A 50% rise in energy demand in the next 45 years means that Scotland needs to keep its nuclear option open, according to a group of the country's most senior academics.The RSE has posted video of the press conference announcing the publication of the report. The RSE also has serious concerns about Scotland's electrical grid. For more on the report and local reaction, visit Rob Edwards.
With a sharp fall in generating capacity looming, the Royal Society of Edinburgh warns that demand for energy will continue to rise, and a mix of solutions is required.
Its estimate of a 50% increase by 2050 is based on trend growth in demand and 2% average annual economic growth.
Given the spiralling rates of energy consumption, the institute concluded that the option of replacing nuclear power plants should be left open, but with a plea that it should not become a political football.
According to the Independent, dissidents in the Labor Party are planning on making the question of new nuclear build an issue when the party chooses a successor to Prime Minister Tony Blair later this year:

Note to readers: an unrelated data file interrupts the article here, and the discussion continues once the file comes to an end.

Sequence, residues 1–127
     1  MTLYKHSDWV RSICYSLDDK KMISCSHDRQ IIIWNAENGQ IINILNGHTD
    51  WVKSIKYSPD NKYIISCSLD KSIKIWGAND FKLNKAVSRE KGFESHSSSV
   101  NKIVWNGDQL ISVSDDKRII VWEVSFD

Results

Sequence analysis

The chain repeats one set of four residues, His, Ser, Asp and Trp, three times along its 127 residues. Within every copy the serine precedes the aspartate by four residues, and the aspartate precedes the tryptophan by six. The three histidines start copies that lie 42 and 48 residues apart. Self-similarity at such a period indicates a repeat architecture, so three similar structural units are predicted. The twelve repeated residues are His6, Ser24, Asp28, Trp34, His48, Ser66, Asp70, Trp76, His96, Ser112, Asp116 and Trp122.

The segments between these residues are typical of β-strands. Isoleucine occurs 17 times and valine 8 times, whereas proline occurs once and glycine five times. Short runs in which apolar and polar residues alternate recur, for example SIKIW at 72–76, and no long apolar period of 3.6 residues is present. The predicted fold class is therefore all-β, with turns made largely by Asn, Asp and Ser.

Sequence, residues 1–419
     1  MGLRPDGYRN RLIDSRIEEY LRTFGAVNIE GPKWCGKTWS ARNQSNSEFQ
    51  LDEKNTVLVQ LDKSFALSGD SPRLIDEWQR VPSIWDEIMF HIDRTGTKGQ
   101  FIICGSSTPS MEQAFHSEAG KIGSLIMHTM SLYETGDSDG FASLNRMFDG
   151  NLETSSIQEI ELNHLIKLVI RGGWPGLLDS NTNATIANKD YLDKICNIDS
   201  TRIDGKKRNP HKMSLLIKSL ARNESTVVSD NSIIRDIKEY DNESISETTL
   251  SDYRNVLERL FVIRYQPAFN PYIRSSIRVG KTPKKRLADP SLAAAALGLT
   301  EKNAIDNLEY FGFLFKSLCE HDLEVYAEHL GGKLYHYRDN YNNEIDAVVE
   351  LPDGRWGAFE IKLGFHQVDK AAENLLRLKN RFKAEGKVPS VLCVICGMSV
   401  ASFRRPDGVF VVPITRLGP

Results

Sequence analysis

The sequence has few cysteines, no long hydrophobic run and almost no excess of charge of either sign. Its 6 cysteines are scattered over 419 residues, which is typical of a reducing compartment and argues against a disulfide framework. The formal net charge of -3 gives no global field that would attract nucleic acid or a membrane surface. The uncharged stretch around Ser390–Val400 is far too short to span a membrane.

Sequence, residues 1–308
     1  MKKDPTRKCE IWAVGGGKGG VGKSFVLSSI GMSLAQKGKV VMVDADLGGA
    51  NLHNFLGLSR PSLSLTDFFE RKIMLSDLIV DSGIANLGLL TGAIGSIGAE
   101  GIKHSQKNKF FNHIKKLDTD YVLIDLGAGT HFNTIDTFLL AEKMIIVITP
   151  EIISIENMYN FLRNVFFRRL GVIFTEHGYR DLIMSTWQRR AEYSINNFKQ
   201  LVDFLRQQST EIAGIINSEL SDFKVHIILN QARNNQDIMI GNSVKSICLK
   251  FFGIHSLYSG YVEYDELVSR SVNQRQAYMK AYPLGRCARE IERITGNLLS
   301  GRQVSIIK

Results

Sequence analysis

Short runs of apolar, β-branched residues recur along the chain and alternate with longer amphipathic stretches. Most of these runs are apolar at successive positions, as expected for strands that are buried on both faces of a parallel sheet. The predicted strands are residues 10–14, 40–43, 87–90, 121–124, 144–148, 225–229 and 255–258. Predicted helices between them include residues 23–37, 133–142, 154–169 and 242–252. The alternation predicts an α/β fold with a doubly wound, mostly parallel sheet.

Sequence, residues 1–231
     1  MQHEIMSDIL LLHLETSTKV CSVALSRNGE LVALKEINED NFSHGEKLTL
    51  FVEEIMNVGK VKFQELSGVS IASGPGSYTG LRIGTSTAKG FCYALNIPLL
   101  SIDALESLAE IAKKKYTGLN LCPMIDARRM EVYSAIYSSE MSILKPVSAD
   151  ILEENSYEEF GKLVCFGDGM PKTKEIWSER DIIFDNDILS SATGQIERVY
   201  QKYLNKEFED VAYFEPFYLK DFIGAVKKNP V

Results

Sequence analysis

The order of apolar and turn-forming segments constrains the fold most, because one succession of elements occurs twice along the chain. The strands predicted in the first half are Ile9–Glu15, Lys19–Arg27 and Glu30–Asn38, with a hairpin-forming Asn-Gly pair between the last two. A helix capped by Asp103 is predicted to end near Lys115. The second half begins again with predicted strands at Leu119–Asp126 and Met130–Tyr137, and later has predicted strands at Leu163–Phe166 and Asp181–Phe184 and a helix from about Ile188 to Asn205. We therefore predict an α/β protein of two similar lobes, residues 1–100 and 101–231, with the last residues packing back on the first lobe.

Labour rebels said that they intended to challenge Gordon Brown, the Chancellor, on the issue when he takes over from Tony Blair, which many expect will be soon after Labour's annual conference in September.Finally, Blair addressed the issue of climate change in a speech yesterday at King's College in London. Click here for a transcript.
Michael Meacher, a former environment minister, is likely to make opposition to nuclear energy a key part of his leadership challenge to Mr Brown, if he can get sufficient nominations.
Mr Brown's support last week for a new generation of British nuclear weapons will increase the determination of some Labour MPs, such as Clare Short, to back a challenger. Mr Meacher has told allies he wants to campaign on a wide-ranging agenda which focuses on green issues.
"Nuclear energy has now become a central issue for the succession," said Alan Simpson, a member of the Campaign Group of Labour MPs. "The more Gordon Brown drapes himself in the clothes of Tomorrow's World, the more he looks like Yesterday's Man. There is a growing fear now that he is going to lead us into a hung Parliament."
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